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  • No Budget: A number of models are reused for different related species throughout the series, recoloring them for different episodes (sometimes even within the same episode). This usually results in at least one of the species depicted being quite incorrect in its anatomical features.
    • The Saltasaurus from "Alpha's Egg" and "titanosaurs" (Ampelosaurus?) and Magyarosaurus from "Pod's Travels".
    • The Troodon from "Little Das' Hunt" and the dwarf troodontids from "Pod's Travels".
    • Alvarezsaurus ("Alpha's Egg") and Shuvuuia ("White Tip's Journey").
    • Mainland (Rhabdodon) and dwarf "Iguanodon" (Zalmoxes) in "Pod's Travels".
    • Allodaposuchus ("Pod's Travels") and Notosuchus ("Alpha's Egg").
    • Pyroraptor and the dwarf Pyroraptor in "Pod's Travels".
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    • Aucasaurus ("Alpha's Egg") and the mainland and dwarf Tarascosaurus ("Pod's Travels").
    • Maiasaura and Edmontosaurus in "Little Das' Hunt".

  • Science Marches On: While it was very up-to-date (some might even say ahead of its time) with its dinosaur portrayals, modern paleontology has made a few discoveries since its debut:

General Issues

Despite being one of the main points of pride for the show, many of the fully-feathered maniraptoran designs show their age:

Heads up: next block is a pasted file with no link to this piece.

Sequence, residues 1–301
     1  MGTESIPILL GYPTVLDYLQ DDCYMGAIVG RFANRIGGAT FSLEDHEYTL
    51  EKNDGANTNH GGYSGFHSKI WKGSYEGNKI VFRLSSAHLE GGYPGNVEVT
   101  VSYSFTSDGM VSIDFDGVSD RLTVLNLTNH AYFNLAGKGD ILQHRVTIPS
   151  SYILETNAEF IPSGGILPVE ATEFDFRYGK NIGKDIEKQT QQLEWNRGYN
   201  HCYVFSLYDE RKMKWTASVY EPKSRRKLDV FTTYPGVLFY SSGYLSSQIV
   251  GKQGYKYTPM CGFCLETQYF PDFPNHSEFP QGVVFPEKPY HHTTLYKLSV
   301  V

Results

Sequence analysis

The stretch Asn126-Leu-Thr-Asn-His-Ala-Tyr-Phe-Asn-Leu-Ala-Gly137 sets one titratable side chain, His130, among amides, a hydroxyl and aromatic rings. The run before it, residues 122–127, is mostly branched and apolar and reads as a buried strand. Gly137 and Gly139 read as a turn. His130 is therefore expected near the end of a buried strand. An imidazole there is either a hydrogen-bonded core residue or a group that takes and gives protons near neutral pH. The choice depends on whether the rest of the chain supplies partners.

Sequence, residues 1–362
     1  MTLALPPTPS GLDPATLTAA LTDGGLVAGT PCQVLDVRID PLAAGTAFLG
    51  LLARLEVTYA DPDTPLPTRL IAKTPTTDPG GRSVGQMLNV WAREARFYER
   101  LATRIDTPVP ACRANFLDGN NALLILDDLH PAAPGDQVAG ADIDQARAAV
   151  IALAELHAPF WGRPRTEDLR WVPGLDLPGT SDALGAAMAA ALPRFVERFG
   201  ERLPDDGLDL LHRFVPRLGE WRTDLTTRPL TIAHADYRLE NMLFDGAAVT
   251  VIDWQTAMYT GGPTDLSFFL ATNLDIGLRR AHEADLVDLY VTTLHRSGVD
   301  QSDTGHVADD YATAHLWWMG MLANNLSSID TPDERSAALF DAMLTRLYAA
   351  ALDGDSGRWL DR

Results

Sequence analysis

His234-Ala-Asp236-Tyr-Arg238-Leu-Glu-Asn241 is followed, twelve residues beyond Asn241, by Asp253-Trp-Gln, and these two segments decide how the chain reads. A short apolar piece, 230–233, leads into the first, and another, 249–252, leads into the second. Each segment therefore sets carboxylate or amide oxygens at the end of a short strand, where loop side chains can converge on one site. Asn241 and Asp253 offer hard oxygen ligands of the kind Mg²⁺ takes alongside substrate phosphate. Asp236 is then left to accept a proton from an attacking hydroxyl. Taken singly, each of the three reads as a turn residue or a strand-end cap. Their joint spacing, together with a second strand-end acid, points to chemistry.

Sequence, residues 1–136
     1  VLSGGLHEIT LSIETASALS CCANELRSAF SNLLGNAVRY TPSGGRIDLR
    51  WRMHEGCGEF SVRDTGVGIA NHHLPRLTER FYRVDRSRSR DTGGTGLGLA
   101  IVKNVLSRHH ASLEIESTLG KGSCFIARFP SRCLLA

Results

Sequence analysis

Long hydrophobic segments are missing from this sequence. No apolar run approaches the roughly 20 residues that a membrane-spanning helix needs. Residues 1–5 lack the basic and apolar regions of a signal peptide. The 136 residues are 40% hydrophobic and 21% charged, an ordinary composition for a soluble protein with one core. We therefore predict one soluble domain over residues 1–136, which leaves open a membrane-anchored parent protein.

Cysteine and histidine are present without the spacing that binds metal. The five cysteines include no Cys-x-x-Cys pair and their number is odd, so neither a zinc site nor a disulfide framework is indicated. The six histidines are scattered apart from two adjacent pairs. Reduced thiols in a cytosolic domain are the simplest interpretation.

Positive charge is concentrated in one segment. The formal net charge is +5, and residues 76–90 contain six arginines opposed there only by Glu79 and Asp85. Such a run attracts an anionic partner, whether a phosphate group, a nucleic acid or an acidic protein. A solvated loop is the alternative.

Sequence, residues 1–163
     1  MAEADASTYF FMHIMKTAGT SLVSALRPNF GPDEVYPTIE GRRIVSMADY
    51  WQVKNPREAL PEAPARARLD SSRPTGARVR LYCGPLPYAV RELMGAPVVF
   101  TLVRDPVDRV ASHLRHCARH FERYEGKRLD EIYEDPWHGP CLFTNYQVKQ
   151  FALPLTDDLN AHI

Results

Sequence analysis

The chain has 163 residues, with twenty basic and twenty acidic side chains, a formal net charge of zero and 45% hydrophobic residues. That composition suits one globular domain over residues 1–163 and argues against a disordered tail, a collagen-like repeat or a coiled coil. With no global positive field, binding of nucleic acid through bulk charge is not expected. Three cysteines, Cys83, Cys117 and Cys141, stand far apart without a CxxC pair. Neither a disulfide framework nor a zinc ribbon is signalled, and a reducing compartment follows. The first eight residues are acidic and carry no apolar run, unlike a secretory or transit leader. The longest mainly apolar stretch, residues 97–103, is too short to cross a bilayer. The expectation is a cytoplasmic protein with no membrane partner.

• Dromaeosaurs ("raptors"), troodontids, and oviraptorosaurs should all have actual clawed wings, with the wing itself extending off the second finger just as in modern birds, plus their second and third fingers being fused by flesh. The Oviraptor, Velociraptor, and troodontids are the best in this regard, given half wings (though still not properly feathered) that extend as far down as the wrist, while the dromaeosaurs in "Pod's Travels" lack any attempt at wings and just have "feather sleeves". Additionally, while none of them completely pronate their hands, they still fold them in a semi-pronated posture that is contradictory to what we now know about wing anatomy.
  • Many of the designs have fairly reduced (if not completely absent) tail fans that are limited to just the end of the tail, but recent finds show that such features actually ran along at least half the length of the tail in many, if not most, species.
  • The feathers covering the bodies of most of the designs appear to be simple filamentous integument (like downy feathers on baby birds) when in fact many of them should have an outer covering of more structurally complex feathers, giving them a smoother and less fuzzy appearance. The presumed feather type also affects the coloration; some colors like bright blues and greens and iridescent effects are a result of the structure of complex feathers and thus usually cannot be produced by more hairlike simple feathers. (See here and here for guides on this.)